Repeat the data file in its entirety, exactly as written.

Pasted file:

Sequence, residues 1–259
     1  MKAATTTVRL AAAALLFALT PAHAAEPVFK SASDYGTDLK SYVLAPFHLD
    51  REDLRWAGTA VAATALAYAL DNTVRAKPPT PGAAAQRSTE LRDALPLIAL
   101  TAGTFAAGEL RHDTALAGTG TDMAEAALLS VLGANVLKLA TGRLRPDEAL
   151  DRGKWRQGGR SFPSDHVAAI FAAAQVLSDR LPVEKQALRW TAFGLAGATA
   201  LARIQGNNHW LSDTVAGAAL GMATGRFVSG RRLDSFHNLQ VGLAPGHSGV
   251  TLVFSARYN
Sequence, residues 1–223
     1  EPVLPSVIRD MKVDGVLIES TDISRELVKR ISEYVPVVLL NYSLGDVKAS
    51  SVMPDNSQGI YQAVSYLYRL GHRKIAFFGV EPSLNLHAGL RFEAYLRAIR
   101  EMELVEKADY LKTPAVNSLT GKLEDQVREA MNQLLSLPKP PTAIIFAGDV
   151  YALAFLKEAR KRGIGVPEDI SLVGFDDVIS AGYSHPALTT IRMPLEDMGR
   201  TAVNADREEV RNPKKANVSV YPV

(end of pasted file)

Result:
Sequence, residues 1–259
     1  MKAATTTVRL AAAALLFALT PAHAAEPVFK SASDYGTDLK SYVLAPFHLD
    51  REDLRWAGTA VAATALAYAL DNTVRAKPPT PGAAAQRSTE LRDALPLIAL
   101  TAGTFAAGEL RHDTALAGTG TDMAEAALLS VLGANVLKLA TGRLRPDEAL
   151  DRGKWRQGGR SFPSDHVAAI FAAAQVLSDR LPVEKQALRW TAFGLAGATA
   201  LARIQGNNHW LSDTVAGAAL GMATGRFVSG RRLDSFHNLQ VGLAPGHSGV
   251  TLVFSARYN
Sequence, residues 1–223
     1  EPVLPSVIRD MKVDGVLIES TDISRELVKR ISEYVPVVLL NYSLGDVKAS
    51  SVMPDNSQGI YQAVSYLYRL GHRKIAFFGV EPSLNLHAGL RFEAYLRAIR
   101  EMELVEKADY LKTPAVNSLT GKLEDQVREA MNQLLSLPKP PTAIIFAGDV
   151  YALAFLKEAR KRGIGVPEDI SLVGFDDVIS AGYSHPALTT IRMPLEDMGR
   201  TAVNADREEV RNPKKANVSV YPV